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Monday, August 25, 2008

House Bunny (The)

I just have to say that I personally resent the fact that I have been a dumb blonde for at least twice as long as Anna Faris (Mama's Boy) has been alive so it galls me that she is rolling in millions for pretending to be something that I am without even thinking about it. When I told this to my perfect husband he said that with my kind of logic then instead of showering $50 million in endorsement deals on Michael Phelps for his dazzling swimming at the Beijing Olympics his sponsors should just dump all that dough on Flipper instead. I’m not sure if he’s insulting me or not, but I’m no damned dolphin that’s for sure! Of course, I’m no Playboy™ bunny either, so I’ll concede that Ms. Faris has me beat in that department. The closest I can come to mimicking the sex appeal of something from the animal kingdom would probably be the Yak because that’s what my husband usually does when he sees me take off my clothes at night. He yaks.

Anna, on the other hand, makes a great Playboy™ bunny in The House Bunny, where she plays mansion favorite Shelley Darlington. Hef (Playboy™ founder Hugh Hefner, natch) seems to adore Shelley, as do his trio of “Playmates” Holly Madison, Bridget Marquardt, and Kendra Wilkinson, who star in tv’s "The Girls Next Door" when they aren’t performing rocket science or sleeping with The Cryptkeeper, er, I mean Hefner. Together, they throw Shelley a fabulous 27th birthday party and then, the next morning, after the quartet has departed for Las Vegas, inexplicably, one of Hef’s minions delivers a note supposedly evicting Shelley from the mansion after nine years of orgiastic happiness.

So sets up the premise for The House Bunny as poor Shelley is left homeless and confused. Well, more confused than usual. Naturally, it only makes sense that she would wander straight to a college campus and end up the house mother to the female equivalent of the boys from Revenge of the Nerds.

This is exactly when the movie becomes a PERFECT movie for teen girls (and middle-aged women) with low self-esteem issues because one of the many alleged actresses in this fluff playing a sorority member at the outcast house Shelley takes on is none other than the peculiarly named (and spelled) Rumer Willis (From Within). Most of the world is already aware that Rumer is a tragic genetic experiment gone awry when two (dare I say once ‘hot’?) superstars, Bruce Willis and Demi Moore, bred, and, rather than producing a third (baby) superstar, they created this Taterhead instead. Now far be it from me to say anything cruel or unsavory about anyone, but, Sweeties, please. This girl is just sad. You see her and want to cover all the nearby mirrors and hide the Fryolater™. What’s even more pathetic is that Shelley thinks that with “a little make-up” she can magically turn the girls of Zeta House from being scorned to being worshipped by all the guys on campus and have every young woman even vaguely thinking of pledging a sorority immediately lining up at Zeta’s door. This is where the movie enters Fantasyland. Let’s face it. I’m sorry, Taterhead, but you can put lipstick on a pig and call it an actress but it is still a Taterheaded pig.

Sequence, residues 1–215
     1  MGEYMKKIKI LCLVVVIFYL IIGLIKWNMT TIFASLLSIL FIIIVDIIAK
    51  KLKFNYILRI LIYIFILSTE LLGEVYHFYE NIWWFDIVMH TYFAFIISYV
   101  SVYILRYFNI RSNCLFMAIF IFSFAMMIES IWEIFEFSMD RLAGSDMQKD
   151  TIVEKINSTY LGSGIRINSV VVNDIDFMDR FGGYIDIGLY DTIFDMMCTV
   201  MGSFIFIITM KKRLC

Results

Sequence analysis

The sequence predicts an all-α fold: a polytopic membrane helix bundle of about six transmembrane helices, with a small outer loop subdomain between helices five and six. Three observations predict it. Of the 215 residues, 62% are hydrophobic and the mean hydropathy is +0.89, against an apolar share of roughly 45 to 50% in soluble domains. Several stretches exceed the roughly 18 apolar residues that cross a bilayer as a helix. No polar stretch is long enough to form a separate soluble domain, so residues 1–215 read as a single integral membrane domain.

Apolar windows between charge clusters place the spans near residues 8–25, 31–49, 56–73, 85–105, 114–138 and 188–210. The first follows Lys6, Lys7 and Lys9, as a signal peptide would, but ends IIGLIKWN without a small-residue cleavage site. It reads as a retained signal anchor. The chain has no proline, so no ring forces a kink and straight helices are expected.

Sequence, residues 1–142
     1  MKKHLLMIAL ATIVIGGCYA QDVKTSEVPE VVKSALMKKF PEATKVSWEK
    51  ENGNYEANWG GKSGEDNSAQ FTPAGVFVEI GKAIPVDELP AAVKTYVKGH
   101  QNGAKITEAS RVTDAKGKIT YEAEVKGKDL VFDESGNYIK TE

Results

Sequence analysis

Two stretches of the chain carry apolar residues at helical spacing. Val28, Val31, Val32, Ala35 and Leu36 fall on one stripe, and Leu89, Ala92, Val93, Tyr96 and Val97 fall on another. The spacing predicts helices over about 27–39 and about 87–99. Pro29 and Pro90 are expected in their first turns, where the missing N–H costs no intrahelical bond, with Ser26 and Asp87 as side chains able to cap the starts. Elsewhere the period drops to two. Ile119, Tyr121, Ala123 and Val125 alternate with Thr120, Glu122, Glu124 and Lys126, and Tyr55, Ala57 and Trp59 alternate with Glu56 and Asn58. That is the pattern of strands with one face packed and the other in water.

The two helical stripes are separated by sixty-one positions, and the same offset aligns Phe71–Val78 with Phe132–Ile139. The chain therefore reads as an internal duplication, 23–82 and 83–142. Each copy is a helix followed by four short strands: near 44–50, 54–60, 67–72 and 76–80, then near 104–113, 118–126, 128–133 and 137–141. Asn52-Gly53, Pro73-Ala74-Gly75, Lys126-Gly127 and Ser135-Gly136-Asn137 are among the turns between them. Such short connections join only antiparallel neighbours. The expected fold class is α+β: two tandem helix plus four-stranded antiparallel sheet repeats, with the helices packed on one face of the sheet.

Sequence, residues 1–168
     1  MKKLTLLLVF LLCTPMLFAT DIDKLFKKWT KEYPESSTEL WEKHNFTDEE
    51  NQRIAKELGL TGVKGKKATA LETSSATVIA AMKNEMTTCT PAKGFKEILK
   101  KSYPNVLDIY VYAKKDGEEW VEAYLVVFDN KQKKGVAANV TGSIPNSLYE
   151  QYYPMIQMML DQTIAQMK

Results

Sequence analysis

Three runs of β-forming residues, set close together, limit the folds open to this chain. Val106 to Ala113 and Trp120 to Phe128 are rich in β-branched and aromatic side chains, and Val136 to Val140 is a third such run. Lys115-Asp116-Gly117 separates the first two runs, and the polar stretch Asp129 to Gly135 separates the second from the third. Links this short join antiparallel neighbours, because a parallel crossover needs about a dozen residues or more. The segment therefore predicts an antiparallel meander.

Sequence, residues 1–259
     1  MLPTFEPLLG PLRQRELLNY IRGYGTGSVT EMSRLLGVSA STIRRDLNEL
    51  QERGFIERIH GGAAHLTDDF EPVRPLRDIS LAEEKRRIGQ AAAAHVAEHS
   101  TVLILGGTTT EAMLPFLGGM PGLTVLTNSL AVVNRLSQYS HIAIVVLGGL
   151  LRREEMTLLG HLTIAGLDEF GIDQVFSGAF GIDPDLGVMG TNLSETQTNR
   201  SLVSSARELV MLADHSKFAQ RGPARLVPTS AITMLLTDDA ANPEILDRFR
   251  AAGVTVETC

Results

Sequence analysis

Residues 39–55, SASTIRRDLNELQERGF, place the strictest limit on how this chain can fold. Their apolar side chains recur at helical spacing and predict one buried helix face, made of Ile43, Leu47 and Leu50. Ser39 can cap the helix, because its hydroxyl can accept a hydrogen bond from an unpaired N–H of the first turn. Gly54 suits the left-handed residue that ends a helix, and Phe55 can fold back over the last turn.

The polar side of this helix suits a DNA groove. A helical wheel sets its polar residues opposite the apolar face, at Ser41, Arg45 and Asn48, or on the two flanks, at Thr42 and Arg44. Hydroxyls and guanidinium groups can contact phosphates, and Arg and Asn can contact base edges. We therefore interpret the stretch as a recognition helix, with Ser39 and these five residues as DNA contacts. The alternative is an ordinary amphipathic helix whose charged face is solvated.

This is what makes the movie so fulfilling as a self-
esteem booster. The messages are clear: 1) you can blame almost everything on your parents’ lousy chromosomes; 2) you can get anything you want if you just slut yourself up enough, and 3) you should always follow the advice of a marginally-competent Playboy™ bunny who comes into your life off of the streets regardless of how well you know her or her background (e.g., ignore those needle marks up and down her arms).

In reality, the humor of
The House Bunny is as broad as Kim Kardashian’s backside and it’s all good. Of course shenanigans were involved in Shelley’s booting from the mansion so you don’t have to worry about hurt feelings or unresolved issues because before The House Bunny is over everybody ends up as happy as… well, as happy as a pig in mud, making it the perfect summer treat.

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